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This chapter is from the book

Event Notifications

Event notifications differ from triggers by the fact that the actual notification does not execute any code. Instead, information about the event is posted to a SQL Server Service Broker (SSB) service and is placed on a message queue from where it can be read by some other process.1 Another difference between triggers and event notifications is that the event notifications execute in response to not only DDL and DML statements but also some trace events.

The syntax for creating an event notification is as follows.

CREATE EVENT NOTIFICATION event_notification_name 
{ FOR { event_type |
TO broker_service

The syntax looks a little like the syntax for creating a DDL trigger, and the arguments are as follows.

  • event_notification_name—This is the name of the event notification.

  • SERVER—The scope of the event notification is the current server.

  • DATABASE—The scope of the event notification is the current database.

  • ENABLED—This specifies that the event notification is active when the CREATE statement has executed.

  • DISABLED—This specifies that the event notification is inactive until the notification is activated by executing an ALTER EVENT NOTIFICATION statement.

  • event_type—This is the name of an event that, after execution, causes the event notification to execute. SQL Server Books Online has the full list of events included in event_type.

  • DDL_DATABASE_LEVEL_EVENTS—The event notification fires after any of the CREATE, ALTER, or DROP statements that can be indicated in event_type execute.

  • broker_service—This is the SSB service to which SQL Server posts the data about an event.

The event notification contains the same information received from the eventdata function mentioned previously. When the event notification fires, the notification mechanism executes the eventdata function and posts the information to the Service Broker. For an event notification to be created, an existing SQL Server Service Broker instance needs to be located either locally or remotely. The steps to create the SQL Server Service Broker are shown in Listing 7-5. Chapter 15 covers SSB in detail and also covers how to create queues, services, and so on.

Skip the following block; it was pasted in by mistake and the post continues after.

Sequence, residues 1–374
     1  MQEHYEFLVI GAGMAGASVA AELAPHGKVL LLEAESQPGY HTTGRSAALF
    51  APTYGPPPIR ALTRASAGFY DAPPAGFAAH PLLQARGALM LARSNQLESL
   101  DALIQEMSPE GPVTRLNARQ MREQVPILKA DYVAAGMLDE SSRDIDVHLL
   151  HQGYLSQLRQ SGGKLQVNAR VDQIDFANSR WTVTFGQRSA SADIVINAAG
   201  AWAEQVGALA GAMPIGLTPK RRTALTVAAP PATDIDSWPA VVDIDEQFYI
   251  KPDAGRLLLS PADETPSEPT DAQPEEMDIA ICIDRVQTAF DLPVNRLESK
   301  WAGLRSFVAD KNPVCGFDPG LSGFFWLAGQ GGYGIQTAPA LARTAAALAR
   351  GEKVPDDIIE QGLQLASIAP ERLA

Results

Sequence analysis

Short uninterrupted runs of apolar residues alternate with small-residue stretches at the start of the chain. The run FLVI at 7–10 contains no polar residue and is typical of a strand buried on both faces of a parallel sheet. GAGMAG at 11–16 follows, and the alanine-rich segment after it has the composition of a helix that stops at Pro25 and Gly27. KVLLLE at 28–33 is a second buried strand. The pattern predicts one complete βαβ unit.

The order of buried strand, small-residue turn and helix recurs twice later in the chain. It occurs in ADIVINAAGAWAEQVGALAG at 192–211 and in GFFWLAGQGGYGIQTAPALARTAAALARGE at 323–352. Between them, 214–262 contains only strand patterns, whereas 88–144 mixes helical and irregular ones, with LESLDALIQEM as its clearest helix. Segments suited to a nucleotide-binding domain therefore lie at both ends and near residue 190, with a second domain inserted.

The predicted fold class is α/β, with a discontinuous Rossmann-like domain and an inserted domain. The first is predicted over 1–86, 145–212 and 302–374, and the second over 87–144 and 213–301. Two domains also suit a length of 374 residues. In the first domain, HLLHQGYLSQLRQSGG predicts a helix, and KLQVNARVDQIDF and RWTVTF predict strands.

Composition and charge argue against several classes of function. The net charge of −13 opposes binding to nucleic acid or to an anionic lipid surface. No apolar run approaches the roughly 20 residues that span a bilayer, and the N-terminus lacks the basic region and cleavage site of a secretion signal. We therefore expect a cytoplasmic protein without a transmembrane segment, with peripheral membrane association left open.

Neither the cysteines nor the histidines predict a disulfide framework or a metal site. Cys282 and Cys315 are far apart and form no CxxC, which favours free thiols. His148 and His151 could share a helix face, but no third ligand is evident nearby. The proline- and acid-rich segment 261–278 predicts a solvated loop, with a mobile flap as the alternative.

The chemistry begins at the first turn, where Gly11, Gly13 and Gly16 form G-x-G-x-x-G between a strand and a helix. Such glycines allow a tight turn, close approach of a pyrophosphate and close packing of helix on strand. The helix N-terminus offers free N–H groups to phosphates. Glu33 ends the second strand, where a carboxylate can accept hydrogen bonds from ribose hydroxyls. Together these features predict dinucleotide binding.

Listing 7-5: Steps to Create a Service Broker Instance

—first we need a queue
CREATE QUEUE queue evtDdlNotif

—then we can create the service
ON QUEUE evtDdlNotif
—this is a MS supplied contract
—which uses an existing message type

First, the message queue that will hold the eventdata information is created. Typically, another process listens for incoming messages on this queue, or another process will kick off when a message arrives. A service is then built on the queue. When a SQL Server Service Broker service is created, there needs to be a contract to indicate what types of messages this service understands. In a SQL Server Service Broker application, the developer usually defines message types and contracts based on the application's requirements. For event notifications, however, Microsoft has a predefined message type, {http://schemas.microsoft.com/SQL/Notifications}EventNotification, and a contract, http://schemas.microsoft.com/SQL/Notifications/PostEventNotification.

The following code shows how to create an event notification for DDL events scoped to the local database, sending the notifications to the evt DdlService.

TO SERVICE evtDdlService

With both the event notification and the service in place, a new process can now be started in SQL Server Management Studio, using the WAITFOR and RECEIVE statements (more about this in Chapter 15) as in the following code.

RECEIVE * FROM evtDdlNotif

You can now execute a DDL statement, and then switch to the process with the WAITFOR statement and view the result. Running CREATE TABLE evtNotifTbl (id INT) shows in the WAITFOR process a two-row resultset, where one of the rows has a message_type_id of 20. This is the {http://schemas.microsoft.com/SQL/Notifications}EventNotification message type. The eventdata information is stored as a binary value in the message_body column. To see the actual data, we need to change the WAITFOR statement a little bit.

DECLARE @msgtypeid INT

@msgtypeid = message_type_id,
@msg = message_body
FROM evtDdlNotif
—check if this is the correct message type
IF @msgtypeid = 20
—do something useful WITH the message
—here we just select it as a result

Running this code against the CREATE TABLE statement shown earlier produces the same output as in Listing 7-4. An additional benefit with event notifications is that they can be used for both system level and trace events in addition to DDL events. The following code shows how to create an event notification for SQL Server logins.

FOR audit_login TO SERVICE evtLoginService

For system-level event notifications, the ON SERVER keyword needs to be explicitly specified; it cannot be used at the database level. Listing 7-6 shows the eventdata information received after executing a login.

Listing 7-6: eventdata Output from Login

 <!— additional information elided —>

You may wonder what happens if the transaction that caused the notification is rolled back. In that case, the posting of the notification is rolled back as well. If for some reason the delivery of a notification fails, the original transaction is not affected.

Some of the previous code examples have used VARCHAR(MAX) as the data type for a column. Let's look at what that is all about.

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